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Revisiting ‘Golden Hour’ Five Years Later

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The opinions expressed in this article are the writer’s own and do not reflect the views of Her Campus.
This article is written by a student writer from the Her Campus at CU Boulder chapter.

When I first learned to drive it was in a 2003 Ford Explorer equipped with a CD player, and every morning I got to choose between The Chicks’ Taking The Long Way, Fiona Apple’s The Idler Wheel […] or Kacey Musgraves’ Golden Hour. I adored The Chicks’ powerful embodiment of motherhood and resilience and Fiona’s poetic ruminations on unrequited love, but found myself turning to Musgraves most often for things I wasn’t able to articulate at 16, but think I maybe can at 20. 

Musgraves has three other albums under her belt: Same Trailer Different Park (2013), Pageant Material (2015) and star-crossed (2021). Her debut and sophomore albums explore small-town life and individuality, praise authenticity and critique materialism through clever wordplay and fresh perspectives on traditional country music themes. star-crossed delves into a much more theatrical and transformative territory, offering insight into heartbreak, healing, betrayal and femininity. I adore all three of these albums, as each was instrumental in the solidification of Musgraves’ own genre; she’s not a southern belle powerhouse like Miranda Lambert or Carrie Underwood, nor a guiding elder like Dolly Parton or Tanya Tucker. Musgraves has transformed the country music landscape in her own way; by layering the topics of marijuana, LGBTQ+ rights and futurism over hints of disco and electropop, she’s set herself apart from any other artist in the industry. Her greatness never begs for your attention, though. She just has it. This gift is most prevalent in Golden Hour. 

The first song I heard off this album was “Rainbow.” I was riding with my mom to pick up my sister from her gym, and had to turn to face the window, biting my cheek to try to dissolve the onset of tears. Over a delicate piano ballad and through a sweet and melodic voice, Musgraves seemed to reach out from the car radio to take my hand. 

It will be okay, she seemed to contend. What could a little relief like that feel like? It could feel like a lot. 

Throughout the album, we witness Musgraves making peace with many constituents of adult life, like feeling lonely on the weekends, missing your mom, building a life in your own time and not knowing how to describe the sensation that toes the line between happy and sad. When I was 16, I listened in an anticipatory way, waiting to truly feel the weight of these things. Now, approaching 21, I look back on this album and think Oh, yeah. Life is weird: sad, beautiful, thrilling, tender and weird. 

“Love Is A Wild Thing” became my favorite song of Musgraves’ upon first listen. She likens love to something dynamic and infinite; something that might be “Running like a river, trying to find the ocean / (Flowers in the concrete) / Climbing over fences, blooming in the shadows / (Places that you can’t see).” Before she performed this song live at The Van Buren Phoenix in 2019, she said to the crowd: “This next song is inspired by the idea that love is this thing that you can’t kill. It may sometimes feel like you can’t find it or it can’t find you, or that you don’t deserve it or that it’s just not working. But love is this thing that’s just there. It’s literally in everything and mathematically it’s impossible to get rid of–it keeps everything going.”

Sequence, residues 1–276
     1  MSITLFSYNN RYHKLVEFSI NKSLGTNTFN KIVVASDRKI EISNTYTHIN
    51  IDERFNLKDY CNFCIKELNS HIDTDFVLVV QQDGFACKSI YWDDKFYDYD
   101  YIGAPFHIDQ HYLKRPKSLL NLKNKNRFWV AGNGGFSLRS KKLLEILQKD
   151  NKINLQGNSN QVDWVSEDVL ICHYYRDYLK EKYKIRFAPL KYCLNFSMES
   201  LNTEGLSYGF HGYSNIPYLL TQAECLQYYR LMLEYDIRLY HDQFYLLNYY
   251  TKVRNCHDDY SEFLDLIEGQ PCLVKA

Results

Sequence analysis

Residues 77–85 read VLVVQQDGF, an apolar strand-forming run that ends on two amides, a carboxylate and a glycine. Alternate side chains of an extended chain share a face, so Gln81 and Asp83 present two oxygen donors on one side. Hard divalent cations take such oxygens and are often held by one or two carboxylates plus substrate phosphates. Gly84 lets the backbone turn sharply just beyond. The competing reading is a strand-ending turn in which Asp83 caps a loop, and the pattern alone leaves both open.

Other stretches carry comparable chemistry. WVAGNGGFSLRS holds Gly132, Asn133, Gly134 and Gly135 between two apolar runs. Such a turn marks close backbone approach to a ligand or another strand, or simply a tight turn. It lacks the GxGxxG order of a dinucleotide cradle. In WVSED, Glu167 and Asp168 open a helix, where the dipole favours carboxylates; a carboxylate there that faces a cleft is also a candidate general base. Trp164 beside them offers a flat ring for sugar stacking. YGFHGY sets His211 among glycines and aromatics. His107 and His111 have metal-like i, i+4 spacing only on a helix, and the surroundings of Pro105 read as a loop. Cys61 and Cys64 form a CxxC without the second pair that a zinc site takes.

Because of Golden Hour, Musgraves’ music guides me in many areas of my life, whether it’s present in walking to class, driving home for a weekend, shining up the TV with her Christmas Show every December or putting on her cover of Keane’s “Somewhere Only We Know” while my mom and I have coffee in the morning. Her art has afforded me a changed worldview: the things I see now are all stories, and they don’t all end happily, but they end how they’re supposed to.  

As Musgraves puts it best, in the outro of Golden Hour’s title track: “I know, I know, everything’s gonna be alright.” 

Sydney is a contributing writer and editor for Her Campus (CU Boulder). She joined Her Campus during her first semester of freshman year and has enjoyed writing about entertainment, issues uniting the nation and personal experiences. She loves getting to empower women to explore their voices and contribute their insights. Sydney is currently a junior majoring in strategic communication and pursuing minors in journalism and creative writing. She is a Norlin Scholar, an active member of PRSSA and interned with Renewable Energy Systems' marketing department over the summer. Following undergrad, she hopes to combine her passions for creative writing, public relations strategy and clean energy to ensure a brighter future for upcoming generations. While she's not writing or studying, you can find her playing music, attending concerts around Denver, shooting senior portraits, hiking at Chautauqua or spending time with her family. She hopes to publish a novel someday.